With the 2016 U.S. presidential elections coming to a close in a few weeks, there have been several unexpected learning opportunities from this unconventional election cycle. For hotels, the 2016 elections have become a case study for whether your hotel can benefit from a celebrity brand ambassador. Usually hotels don’t have celebrity endorsements because “protecting the guests’ privacy is a major responsibility that any reputable hotel must abide to.”1
Why would your hotel want to have a celebrity ambassador? It’s the awe factor of celebrities that attract the consumer; they’re chosen for attractiveness, intellectual capabilities, competence, and lifestyle. Having an alliance with a celebrity brings a massive amount of “attraction” value to the brand or company. According to CNN’s article “Risk and Rewards of a Celebrity Endorsement”, several brands saw a jump in sales after partnering with a celebrity endorser. But isn’t it risky to base your whole marketing strategy on this? Especially in today’s world of social media, when it is easy to catch a celebrity making mistakes, normalizing them and shattering that awe factor. Yet we see examples after examples where in most cases, the rewards outweigh the risks.
One of the benefits of using a celebrity endorsement is that it brings a tremendous amount of media attention to your hotel. For example, when Oprah Winfrey visited and then listed Miraval Life in Balance Resort & Spa in “Oprah’s Favorite Things” list in 2004. Mary Monaghan, the PR coordinator of Miraval, said that “whenever Oprah mentions Miraval, we always have a spike in telephone calls and requests for more information.” Consumers become followers – whatever a celebrity eats, drinks, wears and drive the same products celebrities use. Consumers might follow celebrities subconsciously thinking it might lead them to that celebrity status.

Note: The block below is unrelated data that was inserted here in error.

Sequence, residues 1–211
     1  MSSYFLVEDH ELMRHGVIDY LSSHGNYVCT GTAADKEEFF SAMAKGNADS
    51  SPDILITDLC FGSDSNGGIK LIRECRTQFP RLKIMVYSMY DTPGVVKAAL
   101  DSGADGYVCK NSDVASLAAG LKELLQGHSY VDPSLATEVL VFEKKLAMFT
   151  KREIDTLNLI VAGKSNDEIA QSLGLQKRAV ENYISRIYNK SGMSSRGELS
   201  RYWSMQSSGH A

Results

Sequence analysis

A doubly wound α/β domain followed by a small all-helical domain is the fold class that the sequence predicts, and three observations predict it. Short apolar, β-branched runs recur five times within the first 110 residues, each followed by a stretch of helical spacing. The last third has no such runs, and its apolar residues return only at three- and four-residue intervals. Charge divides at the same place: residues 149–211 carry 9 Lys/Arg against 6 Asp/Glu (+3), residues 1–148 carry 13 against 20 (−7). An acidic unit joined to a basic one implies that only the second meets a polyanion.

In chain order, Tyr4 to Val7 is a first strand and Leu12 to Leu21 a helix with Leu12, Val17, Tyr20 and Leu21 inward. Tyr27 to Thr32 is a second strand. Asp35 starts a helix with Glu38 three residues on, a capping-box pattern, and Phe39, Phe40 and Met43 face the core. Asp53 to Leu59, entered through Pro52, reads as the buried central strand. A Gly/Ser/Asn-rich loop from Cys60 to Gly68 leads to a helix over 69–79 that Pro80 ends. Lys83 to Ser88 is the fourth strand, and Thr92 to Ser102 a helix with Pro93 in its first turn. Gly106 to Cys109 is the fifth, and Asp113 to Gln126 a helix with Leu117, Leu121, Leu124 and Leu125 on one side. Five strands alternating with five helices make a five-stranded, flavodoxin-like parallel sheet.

More recently, but just as successfully, the Lincoln ad with Matthew McConaughey resulted in increased traffic for the company despite all the jokes, the spoofs from various comedians and never-ending memes. Lincoln’s sales were at a 32-year low in 2013 and “The McConaughey campaign drove traffic to dealers, tripled its website traffic and helped the brand hit 10% market share in the fourth quarter of 2014,” according to Lincoln’s global director Matt Vandyke. Now that’s what we call a win!
At this point you’re probably thinking: Great! Where do I get started with getting a celebrity ambassador for my hotel?! Not so fast. Let’s look at the 2016 US Presidential elections crestor price.
Donald Trump’s presidential campaign is an example of bad attention which decreases traffic for his hotel. Previously, Trump branded properties having seen high traffic, ability to demand premium prices for their hotels and residences and the ability to create an exclusive private club feeling at the properties. However, visits at U.S Trump branded properties were down 19% in September 2016. The cost of all the jokes, his comments and his cavalier opinions has become a liability for his brand. A Skift survey in May found “59.6% of respondents [indicated] they were less likely to stay in Trump-branded hotel because of Trump’s campaign.” This serves as a remind of another time, another celebrity ambassador – Tiger Woods – leading Accenture to cut all ties with him when everything went south for him.
In every major city there is a hotel that has the reputation of celebrity hotspot. Hotels usually don’t have celebrity endorsements, they have celebrities as guests; this way hotels get free publicity. But when considering a celebrity ambassador, in addition to the possible media attention and increased traffic, a hotel has to think about their reputation and how much a possible controversy could cost them. And as the 2016 elections highlight choosing a brand ambassador or using a celebrity endorsement can’t be made lightly.
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